Oil prices flat after Fed keeps interest rate options open

By Paul Carsten

LONDON (Reuters) -Oil prices were little changed on Thursday after the minutes of a U.S. Federal Reserve meeting revealed discussions of a further tightening of interest rates if inflation remained sticky, a move that could hurt oil demand.

Brent crude futures were up 10 cents, or 0.1%, at $82.00 a barrel by 0850 GMT. U.S. West Texas Intermediate crude (WTI) futures were up 7 cents, or 0.1%, at $77.64. Both benchmarks fell more than 1% on Wednesday.

Minutes released on Wednesday from the Federal Reserve’s most recent policy meeting showed the U.S. central bank discussed the potential to raise interest rates in the face of continued stubborn inflation.

“Various participants mentioned a willingness to tighten policy further should risks to inflation materialize in a way that such an action became appropriate,” the Fed minutes said.

Higher interest rates boost borrowing costs, crunching funds that could boost economic growth and oil demand in the world’s largest oil consuming nation.

Also weighing on the market, U.S. crude stocks rose by 1.8 million barrels last week, according to the Energy Information Administration, compared with an estimated draw of 2.5 million barrels.

Globally, physical crude markets have been pressured by soft refinery demand and ample supply.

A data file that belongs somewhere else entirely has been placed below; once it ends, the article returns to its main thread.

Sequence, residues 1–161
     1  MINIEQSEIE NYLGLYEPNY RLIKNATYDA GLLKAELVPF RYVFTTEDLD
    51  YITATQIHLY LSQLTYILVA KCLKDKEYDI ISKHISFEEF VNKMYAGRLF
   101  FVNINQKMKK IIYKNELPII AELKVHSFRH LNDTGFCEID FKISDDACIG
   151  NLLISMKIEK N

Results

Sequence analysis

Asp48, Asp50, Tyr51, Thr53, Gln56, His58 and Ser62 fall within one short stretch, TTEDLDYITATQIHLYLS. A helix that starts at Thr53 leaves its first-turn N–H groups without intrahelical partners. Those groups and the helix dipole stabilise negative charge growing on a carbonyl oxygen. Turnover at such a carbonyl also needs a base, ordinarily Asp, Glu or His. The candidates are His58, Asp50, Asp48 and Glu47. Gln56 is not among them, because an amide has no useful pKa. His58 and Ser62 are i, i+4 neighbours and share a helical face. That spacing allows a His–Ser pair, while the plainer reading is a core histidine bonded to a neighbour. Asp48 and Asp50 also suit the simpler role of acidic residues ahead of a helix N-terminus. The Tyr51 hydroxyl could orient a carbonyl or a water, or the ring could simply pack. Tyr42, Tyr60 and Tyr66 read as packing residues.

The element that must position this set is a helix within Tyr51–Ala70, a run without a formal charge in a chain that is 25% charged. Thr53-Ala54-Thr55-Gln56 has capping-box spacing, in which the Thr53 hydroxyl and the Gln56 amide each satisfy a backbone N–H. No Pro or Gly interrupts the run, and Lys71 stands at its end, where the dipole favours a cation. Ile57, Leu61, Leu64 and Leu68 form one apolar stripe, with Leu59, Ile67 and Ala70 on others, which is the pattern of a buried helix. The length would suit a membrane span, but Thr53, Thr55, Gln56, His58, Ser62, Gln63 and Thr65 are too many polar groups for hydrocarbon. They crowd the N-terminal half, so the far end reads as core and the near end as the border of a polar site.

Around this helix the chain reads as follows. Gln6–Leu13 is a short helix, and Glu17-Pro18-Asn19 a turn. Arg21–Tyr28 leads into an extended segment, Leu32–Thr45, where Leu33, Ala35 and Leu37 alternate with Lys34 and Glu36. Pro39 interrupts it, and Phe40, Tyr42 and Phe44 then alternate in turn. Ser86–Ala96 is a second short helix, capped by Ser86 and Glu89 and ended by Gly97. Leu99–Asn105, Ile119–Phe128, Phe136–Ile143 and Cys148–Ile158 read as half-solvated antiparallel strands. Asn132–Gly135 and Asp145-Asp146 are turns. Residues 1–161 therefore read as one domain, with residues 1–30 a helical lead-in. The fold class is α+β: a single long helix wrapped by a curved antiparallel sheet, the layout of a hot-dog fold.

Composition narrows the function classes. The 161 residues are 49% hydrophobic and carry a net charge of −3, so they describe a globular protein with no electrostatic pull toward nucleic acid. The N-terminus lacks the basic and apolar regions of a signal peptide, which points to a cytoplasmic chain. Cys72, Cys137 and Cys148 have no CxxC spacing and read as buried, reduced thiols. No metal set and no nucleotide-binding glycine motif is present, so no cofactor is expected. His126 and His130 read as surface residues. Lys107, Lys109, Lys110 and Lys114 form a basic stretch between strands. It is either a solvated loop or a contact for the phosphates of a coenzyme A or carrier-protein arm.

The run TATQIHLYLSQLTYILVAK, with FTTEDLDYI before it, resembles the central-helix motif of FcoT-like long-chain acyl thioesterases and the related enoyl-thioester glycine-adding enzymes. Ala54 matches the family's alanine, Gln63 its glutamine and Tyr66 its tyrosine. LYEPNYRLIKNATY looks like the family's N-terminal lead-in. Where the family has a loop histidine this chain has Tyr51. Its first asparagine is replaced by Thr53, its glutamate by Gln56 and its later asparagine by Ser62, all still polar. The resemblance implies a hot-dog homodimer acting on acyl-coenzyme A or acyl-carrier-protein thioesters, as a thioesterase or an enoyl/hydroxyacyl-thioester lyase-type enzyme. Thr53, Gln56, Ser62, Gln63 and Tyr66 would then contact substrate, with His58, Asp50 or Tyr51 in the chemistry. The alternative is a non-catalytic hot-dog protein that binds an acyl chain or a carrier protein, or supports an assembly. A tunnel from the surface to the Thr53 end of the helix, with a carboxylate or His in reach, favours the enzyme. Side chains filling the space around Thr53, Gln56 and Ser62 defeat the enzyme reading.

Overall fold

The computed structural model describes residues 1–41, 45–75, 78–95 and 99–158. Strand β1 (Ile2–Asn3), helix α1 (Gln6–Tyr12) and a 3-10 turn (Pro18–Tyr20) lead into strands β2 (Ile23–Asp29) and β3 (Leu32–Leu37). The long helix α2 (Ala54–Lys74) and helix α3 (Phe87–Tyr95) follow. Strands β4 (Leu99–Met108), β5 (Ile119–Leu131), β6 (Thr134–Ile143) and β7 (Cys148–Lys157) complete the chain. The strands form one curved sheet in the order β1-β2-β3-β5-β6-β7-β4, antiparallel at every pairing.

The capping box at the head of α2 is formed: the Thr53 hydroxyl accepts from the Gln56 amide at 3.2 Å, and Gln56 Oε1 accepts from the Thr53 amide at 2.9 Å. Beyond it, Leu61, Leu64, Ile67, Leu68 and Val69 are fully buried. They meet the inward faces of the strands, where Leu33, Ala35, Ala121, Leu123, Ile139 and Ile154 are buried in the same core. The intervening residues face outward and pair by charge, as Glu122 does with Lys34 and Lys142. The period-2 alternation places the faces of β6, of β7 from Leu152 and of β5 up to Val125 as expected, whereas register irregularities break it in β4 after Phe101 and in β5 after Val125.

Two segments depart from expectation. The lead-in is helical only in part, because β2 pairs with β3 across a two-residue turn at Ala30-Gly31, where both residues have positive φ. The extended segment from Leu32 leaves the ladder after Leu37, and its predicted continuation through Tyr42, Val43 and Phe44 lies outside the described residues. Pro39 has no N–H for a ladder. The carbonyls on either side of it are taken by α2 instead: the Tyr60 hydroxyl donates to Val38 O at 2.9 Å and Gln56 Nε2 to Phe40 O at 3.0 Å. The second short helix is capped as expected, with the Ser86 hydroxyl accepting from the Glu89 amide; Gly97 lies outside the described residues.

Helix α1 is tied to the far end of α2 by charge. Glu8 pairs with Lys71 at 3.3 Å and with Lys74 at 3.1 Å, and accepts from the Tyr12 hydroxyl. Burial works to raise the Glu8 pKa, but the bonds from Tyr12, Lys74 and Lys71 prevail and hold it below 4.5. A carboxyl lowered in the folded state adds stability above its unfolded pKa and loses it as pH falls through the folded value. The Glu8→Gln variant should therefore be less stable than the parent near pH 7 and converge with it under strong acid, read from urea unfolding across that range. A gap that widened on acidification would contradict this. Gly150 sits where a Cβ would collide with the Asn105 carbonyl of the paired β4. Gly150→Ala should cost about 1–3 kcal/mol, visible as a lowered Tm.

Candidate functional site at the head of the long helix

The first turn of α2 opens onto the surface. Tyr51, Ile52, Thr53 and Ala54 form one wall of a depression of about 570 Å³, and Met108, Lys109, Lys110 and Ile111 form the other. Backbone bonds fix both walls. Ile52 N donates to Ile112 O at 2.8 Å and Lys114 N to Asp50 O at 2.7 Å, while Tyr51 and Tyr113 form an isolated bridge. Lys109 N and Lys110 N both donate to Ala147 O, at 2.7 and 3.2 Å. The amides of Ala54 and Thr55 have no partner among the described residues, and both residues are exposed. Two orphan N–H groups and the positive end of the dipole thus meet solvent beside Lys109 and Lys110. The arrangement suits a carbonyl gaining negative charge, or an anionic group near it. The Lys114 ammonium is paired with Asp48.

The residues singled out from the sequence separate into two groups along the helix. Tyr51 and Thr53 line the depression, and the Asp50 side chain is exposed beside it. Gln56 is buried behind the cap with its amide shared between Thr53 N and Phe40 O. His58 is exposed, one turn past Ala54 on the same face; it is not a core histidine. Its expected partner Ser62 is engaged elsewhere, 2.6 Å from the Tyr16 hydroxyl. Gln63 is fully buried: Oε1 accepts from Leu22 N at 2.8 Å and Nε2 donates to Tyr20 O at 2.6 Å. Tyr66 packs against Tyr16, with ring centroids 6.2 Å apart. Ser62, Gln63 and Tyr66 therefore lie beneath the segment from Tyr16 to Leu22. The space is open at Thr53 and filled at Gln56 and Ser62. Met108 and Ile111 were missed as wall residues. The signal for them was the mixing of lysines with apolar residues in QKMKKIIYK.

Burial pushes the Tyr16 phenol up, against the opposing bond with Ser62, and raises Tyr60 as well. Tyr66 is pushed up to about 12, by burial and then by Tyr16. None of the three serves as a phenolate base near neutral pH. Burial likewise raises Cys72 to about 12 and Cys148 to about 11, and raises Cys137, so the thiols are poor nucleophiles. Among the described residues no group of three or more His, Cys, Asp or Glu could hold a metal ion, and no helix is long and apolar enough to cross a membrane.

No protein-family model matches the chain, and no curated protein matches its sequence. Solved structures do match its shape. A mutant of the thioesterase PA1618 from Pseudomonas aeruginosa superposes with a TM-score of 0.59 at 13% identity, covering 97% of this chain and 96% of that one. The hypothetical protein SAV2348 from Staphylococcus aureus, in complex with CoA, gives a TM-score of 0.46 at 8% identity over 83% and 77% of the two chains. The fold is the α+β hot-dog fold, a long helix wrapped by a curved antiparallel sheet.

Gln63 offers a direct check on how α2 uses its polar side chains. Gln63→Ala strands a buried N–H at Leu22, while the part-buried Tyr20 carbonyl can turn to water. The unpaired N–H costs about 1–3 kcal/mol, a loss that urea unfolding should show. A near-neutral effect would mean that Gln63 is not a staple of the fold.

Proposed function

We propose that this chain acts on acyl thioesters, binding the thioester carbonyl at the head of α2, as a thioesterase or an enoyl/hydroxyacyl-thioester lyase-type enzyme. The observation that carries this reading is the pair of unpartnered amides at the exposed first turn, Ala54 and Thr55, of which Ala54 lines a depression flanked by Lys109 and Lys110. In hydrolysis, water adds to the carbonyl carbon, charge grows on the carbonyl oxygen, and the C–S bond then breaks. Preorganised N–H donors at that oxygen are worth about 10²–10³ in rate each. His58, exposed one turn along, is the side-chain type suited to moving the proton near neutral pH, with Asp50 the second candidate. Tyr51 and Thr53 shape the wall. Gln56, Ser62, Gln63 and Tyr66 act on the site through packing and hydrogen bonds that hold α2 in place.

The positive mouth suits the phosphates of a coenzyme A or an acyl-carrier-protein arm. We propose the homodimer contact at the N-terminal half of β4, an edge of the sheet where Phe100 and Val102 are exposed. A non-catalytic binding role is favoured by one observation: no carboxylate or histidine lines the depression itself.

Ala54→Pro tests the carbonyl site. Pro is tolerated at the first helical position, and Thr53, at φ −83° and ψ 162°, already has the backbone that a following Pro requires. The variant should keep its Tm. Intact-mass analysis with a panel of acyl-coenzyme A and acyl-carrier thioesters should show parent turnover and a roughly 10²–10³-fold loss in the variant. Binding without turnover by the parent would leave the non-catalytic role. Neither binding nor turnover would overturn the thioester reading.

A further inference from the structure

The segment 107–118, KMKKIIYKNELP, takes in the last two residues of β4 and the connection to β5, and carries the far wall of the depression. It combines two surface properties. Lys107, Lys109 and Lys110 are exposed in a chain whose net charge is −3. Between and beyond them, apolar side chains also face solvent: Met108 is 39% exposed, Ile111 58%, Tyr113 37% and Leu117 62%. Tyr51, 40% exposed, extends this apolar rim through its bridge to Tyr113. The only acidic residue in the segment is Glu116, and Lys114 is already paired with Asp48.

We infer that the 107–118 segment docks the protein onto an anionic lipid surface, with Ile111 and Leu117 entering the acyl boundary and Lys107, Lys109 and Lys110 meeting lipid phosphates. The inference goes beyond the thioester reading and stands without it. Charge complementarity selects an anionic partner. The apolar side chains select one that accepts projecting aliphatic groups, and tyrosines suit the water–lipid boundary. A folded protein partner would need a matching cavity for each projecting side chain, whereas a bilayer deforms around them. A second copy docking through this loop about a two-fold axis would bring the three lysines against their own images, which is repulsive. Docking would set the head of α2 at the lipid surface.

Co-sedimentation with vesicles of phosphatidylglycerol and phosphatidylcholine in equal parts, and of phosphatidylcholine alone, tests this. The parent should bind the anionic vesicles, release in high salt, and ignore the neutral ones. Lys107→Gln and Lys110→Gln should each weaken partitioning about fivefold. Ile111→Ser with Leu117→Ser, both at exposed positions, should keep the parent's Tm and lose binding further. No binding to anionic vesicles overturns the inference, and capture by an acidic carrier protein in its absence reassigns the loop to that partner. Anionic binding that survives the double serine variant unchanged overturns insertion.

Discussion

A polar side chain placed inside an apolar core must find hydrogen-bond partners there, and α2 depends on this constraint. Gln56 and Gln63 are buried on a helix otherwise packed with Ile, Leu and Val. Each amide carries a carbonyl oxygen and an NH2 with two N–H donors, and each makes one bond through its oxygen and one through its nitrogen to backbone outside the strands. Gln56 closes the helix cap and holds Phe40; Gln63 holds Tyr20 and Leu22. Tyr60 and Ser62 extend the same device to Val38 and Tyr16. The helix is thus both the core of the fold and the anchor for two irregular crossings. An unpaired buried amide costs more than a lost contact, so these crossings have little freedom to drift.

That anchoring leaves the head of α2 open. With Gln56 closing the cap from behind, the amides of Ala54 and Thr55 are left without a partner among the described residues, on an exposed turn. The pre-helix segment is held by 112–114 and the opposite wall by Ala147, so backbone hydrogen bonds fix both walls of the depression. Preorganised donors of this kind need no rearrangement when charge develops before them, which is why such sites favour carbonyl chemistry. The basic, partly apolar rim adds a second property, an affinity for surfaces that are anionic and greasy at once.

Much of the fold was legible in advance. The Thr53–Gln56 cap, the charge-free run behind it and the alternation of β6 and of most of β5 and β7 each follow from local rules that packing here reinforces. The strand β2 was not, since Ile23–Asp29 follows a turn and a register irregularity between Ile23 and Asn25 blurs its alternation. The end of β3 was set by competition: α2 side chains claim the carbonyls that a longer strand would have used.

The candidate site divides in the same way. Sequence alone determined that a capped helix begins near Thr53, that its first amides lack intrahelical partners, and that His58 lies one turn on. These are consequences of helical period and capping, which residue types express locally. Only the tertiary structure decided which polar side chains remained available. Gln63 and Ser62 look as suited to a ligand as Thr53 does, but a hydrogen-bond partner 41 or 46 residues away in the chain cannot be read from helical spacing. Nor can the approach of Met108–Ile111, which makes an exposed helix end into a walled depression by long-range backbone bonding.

“Recent market softness has come on the back of weaker data, including rising oil inventories, tepid demand and refinery margin weakness and the increasing risk of run cuts,” Citi analysts said in a note on Thursday.

Russia said it exceeded its OPEC+ production quota in April for “technical reasons” and will soon present to the Organization of the Petroleum Exporting Countries (OPEC) Secretariat its plan to compensate for the error, the Russian Energy Ministry said late on Wednesday.

OPEC+, which groups together OPEC and allies led by Russia, will meet on June 1 to decide on production cut levels.

“June’s meeting is seen as difficult in being able to tighten the market further and there is a growing consensus that the best the cartel will come up with is a rollover of current voluntary cuts,” said John Evans of oil broker PVM.

“This may show results in the autumn, but for now it will do little to assuage a market lacking in confidence.”

(Reporting by Paul Carsten in LondonAdditional reporting by Arathy Somasekhar and Sudarshan VaradhanEditing by David Goodman)